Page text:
Ask anyone about their financial goals and they will likely tell you that family security tops the list. It stands to reason, then, that HNW individuals have nothing to worry about. Unfortunately, this is far from true, especially if your definition of “security” includes the bond among your children. In fact, according to this twenty-year study, seventy percent of estate plans for well-to-do families “fail,” meaning they result in financial losses and the breakdown of relationships among the heirs. Here are some tips to keep your family intact while staying true to your vision, while preserving your legacy.
Respect Their Autonomy. For better or worse, you had your chance to raise your children. Conditioning their inheritance upon specific life choices (i.e. that they get married or join the family business) puts them in the terrible position of having to choose between financial security and personal happiness. It also guarantees that they will resent you long after you’re gone. If you’re tempted to place these kinds of stipulations in your estate plan, ask yourself this question: Do I want to be remembered for the unconditional love and generosity I showed my children, or my need to run their lives?
Stick to Your Ideals. It’s common for families to be divided along ideological lines, however, the fight shouldn’t have to extend to your estate and preserving your legacy. If you’ve built your life on certain principles – be they social, spiritual or political – chances are you want your legacy to reflect that after you’ve gone. The best way to ensure this is to make specific bequests to causes you care about, as well as conditions on how your money can and cannot be used by your heirs. This is not the same as controlling your children – they are still free to give their own time and money in any way they want, but when it comes to sharing your wealth they must do so in accordance with your wishes.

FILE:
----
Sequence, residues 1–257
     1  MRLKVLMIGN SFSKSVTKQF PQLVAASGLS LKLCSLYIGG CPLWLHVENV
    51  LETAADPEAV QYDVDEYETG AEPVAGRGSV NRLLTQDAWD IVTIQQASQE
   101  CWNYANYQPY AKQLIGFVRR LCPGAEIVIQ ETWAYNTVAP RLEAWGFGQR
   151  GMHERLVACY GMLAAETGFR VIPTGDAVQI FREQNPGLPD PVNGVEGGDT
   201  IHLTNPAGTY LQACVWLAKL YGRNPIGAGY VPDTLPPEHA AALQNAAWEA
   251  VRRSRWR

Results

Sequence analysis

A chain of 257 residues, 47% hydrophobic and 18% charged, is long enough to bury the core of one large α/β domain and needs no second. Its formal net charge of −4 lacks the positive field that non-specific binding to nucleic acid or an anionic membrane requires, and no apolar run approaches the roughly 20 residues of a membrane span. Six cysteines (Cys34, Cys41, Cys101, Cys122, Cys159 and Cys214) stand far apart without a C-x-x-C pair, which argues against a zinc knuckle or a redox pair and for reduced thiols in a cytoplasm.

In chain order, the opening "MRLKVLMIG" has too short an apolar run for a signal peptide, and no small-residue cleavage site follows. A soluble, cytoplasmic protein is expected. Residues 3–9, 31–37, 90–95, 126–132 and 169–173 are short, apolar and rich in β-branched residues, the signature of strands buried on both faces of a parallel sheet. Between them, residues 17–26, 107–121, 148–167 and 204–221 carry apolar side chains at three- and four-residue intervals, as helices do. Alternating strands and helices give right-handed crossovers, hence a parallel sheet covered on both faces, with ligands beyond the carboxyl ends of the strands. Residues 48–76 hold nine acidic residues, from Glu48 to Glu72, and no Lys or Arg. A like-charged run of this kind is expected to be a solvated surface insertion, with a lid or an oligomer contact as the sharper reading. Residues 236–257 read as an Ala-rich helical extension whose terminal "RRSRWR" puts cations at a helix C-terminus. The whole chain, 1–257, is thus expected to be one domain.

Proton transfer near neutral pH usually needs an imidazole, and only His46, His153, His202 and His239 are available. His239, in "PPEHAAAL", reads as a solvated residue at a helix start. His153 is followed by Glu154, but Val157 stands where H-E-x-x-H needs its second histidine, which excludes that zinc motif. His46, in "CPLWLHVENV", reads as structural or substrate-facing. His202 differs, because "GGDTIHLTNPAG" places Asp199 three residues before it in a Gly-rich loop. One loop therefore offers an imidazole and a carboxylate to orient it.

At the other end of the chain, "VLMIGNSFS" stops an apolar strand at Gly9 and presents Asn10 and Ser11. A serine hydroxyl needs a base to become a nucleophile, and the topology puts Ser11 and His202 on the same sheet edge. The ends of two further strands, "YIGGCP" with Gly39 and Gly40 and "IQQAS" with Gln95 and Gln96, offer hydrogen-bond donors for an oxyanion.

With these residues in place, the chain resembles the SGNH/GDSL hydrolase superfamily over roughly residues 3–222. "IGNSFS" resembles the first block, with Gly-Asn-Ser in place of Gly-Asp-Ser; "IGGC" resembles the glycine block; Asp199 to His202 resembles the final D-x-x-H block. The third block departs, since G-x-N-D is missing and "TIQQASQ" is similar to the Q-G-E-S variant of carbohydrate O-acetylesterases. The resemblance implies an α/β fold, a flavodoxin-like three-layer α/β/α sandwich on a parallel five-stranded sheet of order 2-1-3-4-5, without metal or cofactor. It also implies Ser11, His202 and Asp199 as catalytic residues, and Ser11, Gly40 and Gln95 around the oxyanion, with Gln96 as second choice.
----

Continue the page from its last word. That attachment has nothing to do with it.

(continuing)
Don’t Treat Your Children the Same. This is not about playing favorites, but about acknowledging each child’s individual desires, challenges and strengths. One of the most common examples is a child who struggles with alcohol addiction – you’re going to provide for them in way that ensures their wellbeing but limits their direct control over the money. You might also make a larger provision for a child who needs ongoing medical care or has chosen a career that provides great value to society but does not pay much. This also extends to specific bequests; for example, you might want to leave the beach house to the child who loved it most, rather than splitting it with those who complained about spending summers there. Whatever your situation, it’s always best to have a conversation with your kids during the planning stages, rather than leaving them to question your motives later on.
Don’t Keep Them in the Dark – Every parent wants their child to realize their potential rather than relying on a future “jackpot”; however, keeping the size of your estate a secret can be a recipe for disaster, especially if they have not been educated on financial matters. Suddenly they are left to deal, not only with your loss, but the weight of managing your estate. They might feel distrustful of financial advisors and even their own siblings or other heirs. On the flipside, not revealing a financial loss or your plans to leave the bulk of your estate to charity can have catastrophic effects on kids who have been led to believe that they will receive a substantial sum. Having a conversation with all of your children will foster unity and provide an opportunity voice any concerns; sharing your financial information in real-time, for example, through an all-in-one solution, will help them understand how you make financial decisions and how those decisions affect the family’s financial wellbeing and support preserving your legacy.
Conversations about money can be uncomfortable, especially if they are tied to your passing; however, the potential consequences of staying silent can be financially and emotionally devastating. Your children may not like what you have to say, but they will respect you for being honest with them, setting boundaries, and preparing them for the future.